- In relation to this, how have your production methods changed over time?

BR: They have gotten more primitive, I would say. In my early days, I was heavily reliant on the computer to record and edit everything, everything was meticulously crafted and over designed - I was using plugins to shape the effects and mix and all. Once I started getting into modular I found a more instinctive approach, as I mentioned. I started to regress in a way that I don't want to overcook things and edit every little piece and work myself over the minutiae of the production. And I much prefer things to be meditation. In a way, I would say that my approach is quite anachronistic. There's always the discussion of whether I need all this equipment to make the music? I 100% need all this equipment to make the music because that is the way I like to make my music. I will go against everyone who says you only need a laptop. Because it's not just a laptop, it's a laptop filled with 5000 pieces of extremely powerful software. That's just your setup, that's a laptop with 40 synths - no one has just two plugins it's rather a million of them - either bought or pirated. It's not that different.

- At the end of the day it's also about a preference of a way of working - some people are willing to spend all their time on on a laptop, some people need that tactile interaction with an instrument.

BR: I think that MIDI controllers and mouses are horrible ways of controlling things - mouse because you can only do one thing at a time and a MIDI controller because you'll never have exactly as many parameters as you need. I tried too. I got tired of dragging my modular around for live performances at some point. So I wondered, what if I did this with a laptop? How would I do this? And I realized I would actually have to take more equipment with me, because I needed the laptop, the audio interface, the controller, and I could not find a controller that has 100 knobs, like my modular system does, in a small case. Then there's a ton of setup required to get those knobs to interact with Ableton or Bitwig and it's so much extra work, whereas the hardware... it just works.

- When it works.

BR: When it works... It can also break but it's always fixable. I've bought plugins that don't work five years later, because they're not updated for my new computer, and won’t be. So I wasted money. Or, for example, Native Instruments just discontinued Absynth, a synth I legitimately love and use a lot, so in some time it will be mostly gone forever. But my 40 year old E-mu Systems Emax still works.

- So perhaps in some sense, hardware can be regarded as more sustainable.

BR: Yes, also as an investment (laughing -ed.)

Erica Synths and Kontaktor Festival announces the upcoming launch of Kontaktor Records, a record label dedicated to exploration and promotion of experimental electronic music. Kontaktor Records is a further extension of showcasing boundary-pushing artists who fearlessly challenge the status quo of contemporary electronic music. Among 2 other releases in 2023, BLUSH_RESPONSE' latest body of work, full length album DIMENSIONAL RESEARCH will be released in 2023.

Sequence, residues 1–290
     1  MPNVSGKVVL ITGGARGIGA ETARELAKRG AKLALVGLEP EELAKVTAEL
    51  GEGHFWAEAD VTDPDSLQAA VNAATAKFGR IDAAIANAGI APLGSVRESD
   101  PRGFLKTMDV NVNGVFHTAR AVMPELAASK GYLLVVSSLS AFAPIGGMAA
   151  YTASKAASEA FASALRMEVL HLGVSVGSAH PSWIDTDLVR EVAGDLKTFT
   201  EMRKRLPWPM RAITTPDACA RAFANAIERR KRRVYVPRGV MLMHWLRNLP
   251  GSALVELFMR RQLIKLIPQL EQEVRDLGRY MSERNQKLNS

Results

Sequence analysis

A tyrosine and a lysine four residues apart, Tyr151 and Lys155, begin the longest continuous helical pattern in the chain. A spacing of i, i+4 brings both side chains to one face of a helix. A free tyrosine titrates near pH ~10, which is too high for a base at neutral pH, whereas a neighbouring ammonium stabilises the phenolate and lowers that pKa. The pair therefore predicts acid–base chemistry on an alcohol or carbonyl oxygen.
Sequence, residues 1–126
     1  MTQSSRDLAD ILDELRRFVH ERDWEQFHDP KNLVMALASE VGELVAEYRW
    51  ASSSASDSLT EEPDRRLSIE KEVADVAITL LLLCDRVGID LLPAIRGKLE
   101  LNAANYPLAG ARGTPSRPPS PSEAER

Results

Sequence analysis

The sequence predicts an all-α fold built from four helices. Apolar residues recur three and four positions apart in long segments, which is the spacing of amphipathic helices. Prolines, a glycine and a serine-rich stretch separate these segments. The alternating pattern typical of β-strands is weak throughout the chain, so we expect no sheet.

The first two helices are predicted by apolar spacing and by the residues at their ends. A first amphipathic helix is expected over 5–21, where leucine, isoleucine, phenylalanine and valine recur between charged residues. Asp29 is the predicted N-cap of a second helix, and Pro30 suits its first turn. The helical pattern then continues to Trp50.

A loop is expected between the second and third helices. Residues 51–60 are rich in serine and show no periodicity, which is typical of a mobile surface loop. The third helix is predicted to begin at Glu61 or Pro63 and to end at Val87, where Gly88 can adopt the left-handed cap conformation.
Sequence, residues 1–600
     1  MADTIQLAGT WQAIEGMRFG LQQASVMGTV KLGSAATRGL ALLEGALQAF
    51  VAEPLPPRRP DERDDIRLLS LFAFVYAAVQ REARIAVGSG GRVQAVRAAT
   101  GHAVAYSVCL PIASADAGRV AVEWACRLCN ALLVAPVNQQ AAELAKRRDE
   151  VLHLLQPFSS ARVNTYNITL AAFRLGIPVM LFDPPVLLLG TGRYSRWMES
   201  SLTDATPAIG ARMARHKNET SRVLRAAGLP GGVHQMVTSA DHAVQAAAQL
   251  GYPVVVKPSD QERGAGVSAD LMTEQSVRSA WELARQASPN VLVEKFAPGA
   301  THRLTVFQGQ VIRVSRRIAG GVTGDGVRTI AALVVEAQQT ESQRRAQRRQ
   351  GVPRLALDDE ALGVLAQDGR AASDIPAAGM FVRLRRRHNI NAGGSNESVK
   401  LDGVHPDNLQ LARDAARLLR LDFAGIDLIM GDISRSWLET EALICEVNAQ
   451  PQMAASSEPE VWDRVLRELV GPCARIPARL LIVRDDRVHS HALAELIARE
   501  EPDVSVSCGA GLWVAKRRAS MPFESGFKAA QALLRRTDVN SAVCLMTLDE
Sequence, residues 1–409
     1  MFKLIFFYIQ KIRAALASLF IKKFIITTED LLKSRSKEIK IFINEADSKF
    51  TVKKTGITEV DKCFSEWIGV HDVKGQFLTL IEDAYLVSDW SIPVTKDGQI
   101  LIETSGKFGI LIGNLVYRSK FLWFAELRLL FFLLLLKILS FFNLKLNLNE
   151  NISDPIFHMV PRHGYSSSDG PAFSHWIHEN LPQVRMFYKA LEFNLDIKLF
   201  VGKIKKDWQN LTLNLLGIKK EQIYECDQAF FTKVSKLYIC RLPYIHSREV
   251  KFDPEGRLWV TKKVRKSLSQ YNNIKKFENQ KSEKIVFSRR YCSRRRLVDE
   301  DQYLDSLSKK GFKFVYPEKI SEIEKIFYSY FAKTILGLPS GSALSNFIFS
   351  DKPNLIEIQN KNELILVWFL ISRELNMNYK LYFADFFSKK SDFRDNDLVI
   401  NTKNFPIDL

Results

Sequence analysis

BR: Dimensional Research was written directly after my album Void In. Void In was my first exploration with generative music. A the time I was listening to, of course Autechre I was also inspired by SDEM and a lot of ambient composers like Robert Rich, Steve Roach. And so after doing my Void In album, I just kind of kept working. I would set up a patch on my modular that would generatively create drum patterns and melodies and all and then playing with those influencing them. And vice versa, me speaking with the machine directly, because my other tracks were very deliberate. And this time, I wanted to let the machine speak for itself in a way under my influence. There are definitely a lot of changes that happened throughout the tracks, because what I would do is I would set up in way that was inspired by Richard Devine - he said he would have multiple systems performing different parts of the track. And while I don't have 10 modulars but I have all these synthesizers, and all these modulars, so I would set up like, here's one section of drums for this part, here's the next section of drums to this next section of drums. And then this synth is doing this sound, which is the main part for the first minute then etc, etc, just using all of my studio at once, to provide dynamic change over time in these generative compositions.

Things ephemeral, beyond perception.

- Is this particular method of work the main influence behind the immersiveness of this album?

BR: Yes, it really was an inspiring period. In terms of the sound of the music, I did not see that coming the way it did. I was listening to it again this week and I was really happy with it. I'm not always happy with everything. But it felt like it had reached a certain level. I did an album in 2021 called Reconstitution, which I'm also happy with but I feel it's very straightforward. As well as Neuroscape, both of those are really about just going for the jugular immediately without much space to breathe. And that's cool. But Dimensional Research is a really pure expression of me, trying my hardest to make something beyond comprehension. And I think I achieved that in some ways. At least I hope so!

I'm not worried about the listeners' interests. Too weird has most definitely never been an issue for me.